A general tablespace can be created in the data directory or outside of it. To avoid conflicts with implicitly created file-per-table tablespaces, creating a general tablespace in a subdirectory under the data directory is not supported. When creating a general tablespace outside of the data directory, the directory must exist and must be known to InnoDB prior to creating the tablespace. To make an unknown directory known to InnoDB, add the directory to the innodb_directories argument value. innodb_directories is a read-only startup option. Configuring it requires restarting the server.

Examples:

Creating a general tablespace in the data directory:

mysql> CREATE TABLESPACE `ts1` ADD DATAFILE 'ts1.ibd' Engine=InnoDB;

or

mysql> CREATE TABLESPACE `ts1` Engine=InnoDB;

The ADD DATAFILE clause is optional as of MySQL 8.0.14 and required before that. If the ADD DATAFILE clause is not specified when creating a tablespace, a tablespace data file with a unique file name is created implicitly. The unique file name is a 128 bit UUID formatted into five groups of hexadecimal numbers separated by dashes (aaaaaaaa-bbbb-cccc-dddd-eeeeeeeeeeee). General tablespace data files include an .ibd file extension. In a replication environment, the data file name created on the master is not the same as the data file name created on the slave.

Creating a general tablespace in a directory outside of the data directory:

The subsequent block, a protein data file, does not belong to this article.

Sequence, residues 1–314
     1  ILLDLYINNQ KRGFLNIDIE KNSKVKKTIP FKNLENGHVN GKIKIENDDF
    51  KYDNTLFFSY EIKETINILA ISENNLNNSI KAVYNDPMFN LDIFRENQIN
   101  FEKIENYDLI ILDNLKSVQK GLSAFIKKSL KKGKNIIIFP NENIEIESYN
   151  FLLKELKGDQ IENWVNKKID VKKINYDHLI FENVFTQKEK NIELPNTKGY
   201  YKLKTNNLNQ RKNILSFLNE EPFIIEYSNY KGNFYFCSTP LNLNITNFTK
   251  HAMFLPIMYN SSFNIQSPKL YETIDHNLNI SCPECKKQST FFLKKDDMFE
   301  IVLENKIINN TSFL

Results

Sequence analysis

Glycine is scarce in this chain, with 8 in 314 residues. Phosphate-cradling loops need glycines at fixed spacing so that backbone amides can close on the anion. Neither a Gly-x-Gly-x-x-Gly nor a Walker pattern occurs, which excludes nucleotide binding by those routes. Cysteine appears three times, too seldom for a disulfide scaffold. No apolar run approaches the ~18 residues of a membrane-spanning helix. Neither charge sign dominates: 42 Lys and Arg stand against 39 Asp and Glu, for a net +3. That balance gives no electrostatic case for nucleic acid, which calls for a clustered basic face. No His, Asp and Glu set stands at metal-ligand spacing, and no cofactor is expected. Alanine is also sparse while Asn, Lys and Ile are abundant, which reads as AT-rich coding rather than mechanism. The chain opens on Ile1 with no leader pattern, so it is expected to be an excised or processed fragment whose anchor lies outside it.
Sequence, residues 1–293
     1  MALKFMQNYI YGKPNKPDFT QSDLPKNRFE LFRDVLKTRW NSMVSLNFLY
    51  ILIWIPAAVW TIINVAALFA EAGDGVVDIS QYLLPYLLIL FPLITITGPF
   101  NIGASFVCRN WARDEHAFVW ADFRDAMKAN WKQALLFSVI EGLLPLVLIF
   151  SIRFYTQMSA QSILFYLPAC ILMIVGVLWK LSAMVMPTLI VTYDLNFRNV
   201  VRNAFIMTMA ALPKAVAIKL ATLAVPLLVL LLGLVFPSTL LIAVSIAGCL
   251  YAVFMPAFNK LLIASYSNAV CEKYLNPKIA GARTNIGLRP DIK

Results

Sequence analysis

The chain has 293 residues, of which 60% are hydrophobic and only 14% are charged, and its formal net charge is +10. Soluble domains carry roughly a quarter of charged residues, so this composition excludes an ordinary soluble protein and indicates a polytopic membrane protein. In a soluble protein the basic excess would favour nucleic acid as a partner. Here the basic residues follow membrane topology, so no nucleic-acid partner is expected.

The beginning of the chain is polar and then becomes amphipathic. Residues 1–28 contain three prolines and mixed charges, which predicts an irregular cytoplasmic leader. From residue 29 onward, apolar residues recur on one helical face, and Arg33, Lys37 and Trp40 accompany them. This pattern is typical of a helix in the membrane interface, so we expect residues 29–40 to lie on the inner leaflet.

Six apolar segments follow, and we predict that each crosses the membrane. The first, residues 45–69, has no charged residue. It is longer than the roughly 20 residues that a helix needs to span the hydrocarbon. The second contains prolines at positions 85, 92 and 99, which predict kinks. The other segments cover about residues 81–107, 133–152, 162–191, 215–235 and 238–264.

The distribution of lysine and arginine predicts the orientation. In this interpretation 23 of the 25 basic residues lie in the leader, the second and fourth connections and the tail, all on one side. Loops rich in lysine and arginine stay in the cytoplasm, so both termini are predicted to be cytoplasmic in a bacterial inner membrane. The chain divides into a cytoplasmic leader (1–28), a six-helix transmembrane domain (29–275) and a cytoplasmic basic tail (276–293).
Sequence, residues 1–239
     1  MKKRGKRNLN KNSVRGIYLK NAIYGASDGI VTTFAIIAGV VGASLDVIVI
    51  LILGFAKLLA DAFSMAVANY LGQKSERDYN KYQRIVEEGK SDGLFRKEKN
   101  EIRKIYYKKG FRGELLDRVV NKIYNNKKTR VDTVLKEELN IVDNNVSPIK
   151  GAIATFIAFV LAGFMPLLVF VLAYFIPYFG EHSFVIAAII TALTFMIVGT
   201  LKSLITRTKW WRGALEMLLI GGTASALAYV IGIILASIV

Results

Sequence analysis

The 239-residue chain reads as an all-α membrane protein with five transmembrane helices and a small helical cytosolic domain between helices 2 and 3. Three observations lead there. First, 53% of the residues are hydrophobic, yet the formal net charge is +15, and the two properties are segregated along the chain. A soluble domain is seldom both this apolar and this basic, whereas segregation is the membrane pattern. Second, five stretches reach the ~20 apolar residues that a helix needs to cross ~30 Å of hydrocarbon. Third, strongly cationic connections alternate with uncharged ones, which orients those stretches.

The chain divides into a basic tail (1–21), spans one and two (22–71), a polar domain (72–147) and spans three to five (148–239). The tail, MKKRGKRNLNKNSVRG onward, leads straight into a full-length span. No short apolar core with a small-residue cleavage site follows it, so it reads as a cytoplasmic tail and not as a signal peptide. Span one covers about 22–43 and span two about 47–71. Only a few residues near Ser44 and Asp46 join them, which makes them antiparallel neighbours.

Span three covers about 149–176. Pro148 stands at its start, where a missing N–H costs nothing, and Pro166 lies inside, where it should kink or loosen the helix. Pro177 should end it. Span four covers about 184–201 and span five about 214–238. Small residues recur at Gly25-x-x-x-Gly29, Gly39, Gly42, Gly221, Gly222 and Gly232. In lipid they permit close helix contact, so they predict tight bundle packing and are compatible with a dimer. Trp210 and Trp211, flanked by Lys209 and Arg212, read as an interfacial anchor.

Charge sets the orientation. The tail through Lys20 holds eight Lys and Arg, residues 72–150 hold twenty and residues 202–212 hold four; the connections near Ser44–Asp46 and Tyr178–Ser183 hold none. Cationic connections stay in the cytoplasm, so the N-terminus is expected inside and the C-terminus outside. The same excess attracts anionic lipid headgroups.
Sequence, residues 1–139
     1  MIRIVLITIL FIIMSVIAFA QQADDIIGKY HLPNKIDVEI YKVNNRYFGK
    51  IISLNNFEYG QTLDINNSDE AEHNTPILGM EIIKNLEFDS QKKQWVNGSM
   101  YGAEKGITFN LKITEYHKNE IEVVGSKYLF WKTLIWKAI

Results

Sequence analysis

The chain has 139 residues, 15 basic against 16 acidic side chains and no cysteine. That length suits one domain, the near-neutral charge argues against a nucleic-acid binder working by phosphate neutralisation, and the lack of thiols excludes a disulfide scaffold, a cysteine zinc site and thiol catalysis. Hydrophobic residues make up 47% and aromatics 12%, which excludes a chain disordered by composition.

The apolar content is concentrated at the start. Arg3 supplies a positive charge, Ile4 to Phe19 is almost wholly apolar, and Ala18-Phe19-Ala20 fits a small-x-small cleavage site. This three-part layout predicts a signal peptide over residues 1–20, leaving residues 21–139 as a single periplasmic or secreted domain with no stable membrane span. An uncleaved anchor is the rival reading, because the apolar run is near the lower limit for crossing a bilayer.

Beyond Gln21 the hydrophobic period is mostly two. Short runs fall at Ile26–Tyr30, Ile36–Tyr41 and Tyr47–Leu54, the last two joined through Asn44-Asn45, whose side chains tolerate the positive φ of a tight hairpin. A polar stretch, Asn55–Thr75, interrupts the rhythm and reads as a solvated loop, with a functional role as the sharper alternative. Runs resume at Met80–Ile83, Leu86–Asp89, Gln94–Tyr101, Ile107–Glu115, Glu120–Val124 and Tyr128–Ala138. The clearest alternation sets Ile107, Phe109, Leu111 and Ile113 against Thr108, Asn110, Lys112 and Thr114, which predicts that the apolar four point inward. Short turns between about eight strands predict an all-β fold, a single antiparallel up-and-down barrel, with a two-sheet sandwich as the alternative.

mysql> CREATE TABLESPACE `ts1` ADD DATAFILE '/my/tablespace/directory/ts1.ibd' Engine=InnoDB;

You can specify a path that is relative to the data directory as long as the tablespace directory is not under the data directory. In this example, the my_tablespace directory is at the same level as the data directory:

mysql> CREATE TABLESPACE `ts1` ADD DATAFILE '../my_tablespace/ts1.ibd' Engine=InnoDB;
Note

The ENGINE = InnoDB clause must be defined as part of the CREATE TABLESPACE statement, or InnoDB must be defined as the default storage engine (default_storage_engine=InnoDB).

Adding Tables to a General Tablespace

After creating an InnoDB general tablespace, you can use CREATE TABLE tbl_name ... TABLESPACE [=] tablespace_name or ALTER TABLE tbl_name TABLESPACE [=] tablespace_name to add tables to the tablespace, as shown in the following examples:

CREATE TABLE:

mysql> CREATE TABLE t1 (c1 INT PRIMARY KEY) TABLESPACE ts1;

ALTER TABLE:

mysql> ALTER TABLE t2 TABLESPACE ts1;
Note

Support for adding table partitions to shared tablespaces was deprecated in MySQL 5.7.24 and removed in MySQL 8.0.13. Shared tablespaces include the InnoDB system tablespace and general tablespaces.

For detailed syntax information, see CREATE TABLE and ALTER TABLE.

General Tablespace Row Format Support